Indirect reciprocity with private noisy and incomplete information Journal Article

Author(s): Hilbe, Christian; Schmid, Laura; Tkadlec, Josef; Chatterjee, Krishnendu; Nowak, Martin A
Article Title: Indirect reciprocity with private noisy and incomplete information
Abstract: Indirect reciprocity explores how humans act when their reputation is at stake, and which social norms they use to assess the actions of others. A crucial question in indirect reciprocity is which social norms can maintain stable cooperation in a society. Past research has highlighted eight such norms, called “leading-eight” strategies. This past research, however, is based on the assumption that all relevant information about other population members is publicly available and that everyone agrees on who is good or bad. Instead, here we explore the reputation dynamics when information is private and noisy. We show that under these conditions, most leading-eight strategies fail to evolve. Those leading-eight strategies that do evolve are unable to sustain full cooperation.Indirect reciprocity is a mechanism for cooperation based on shared moral systems and individual reputations. It assumes that members of a community routinely observe and assess each other and that they use this information to decide who is good or bad, and who deserves cooperation. When information is transmitted publicly, such that all community members agree on each other’s reputation, previous research has highlighted eight crucial moral systems. These “leading-eight” strategies can maintain cooperation and resist invasion by defectors. However, in real populations individuals often hold their own private views of others. Once two individuals disagree about their opinion of some third party, they may also see its subsequent actions in a different light. Their opinions may further diverge over time. Herein, we explore indirect reciprocity when information transmission is private and noisy. We find that in the presence of perception errors, most leading-eight strategies cease to be stable. Even if a leading-eight strategy evolves, cooperation rates may drop considerably when errors are common. Our research highlights the role of reliable information and synchronized reputations to maintain stable moral systems.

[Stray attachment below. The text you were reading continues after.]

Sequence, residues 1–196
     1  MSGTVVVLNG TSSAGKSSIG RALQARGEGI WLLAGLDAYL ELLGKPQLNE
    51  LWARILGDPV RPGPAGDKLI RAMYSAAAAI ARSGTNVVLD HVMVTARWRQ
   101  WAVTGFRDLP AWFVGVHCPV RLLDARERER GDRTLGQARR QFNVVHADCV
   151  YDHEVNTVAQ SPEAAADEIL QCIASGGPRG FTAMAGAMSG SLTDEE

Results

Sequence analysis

Journal Title: PNAS
Volume: 115
Issue 48
ISSN: 1091-6490
Publisher: National Academy of Sciences  
Date Published: 2018-01-01
Start Page: 12241
Open access: no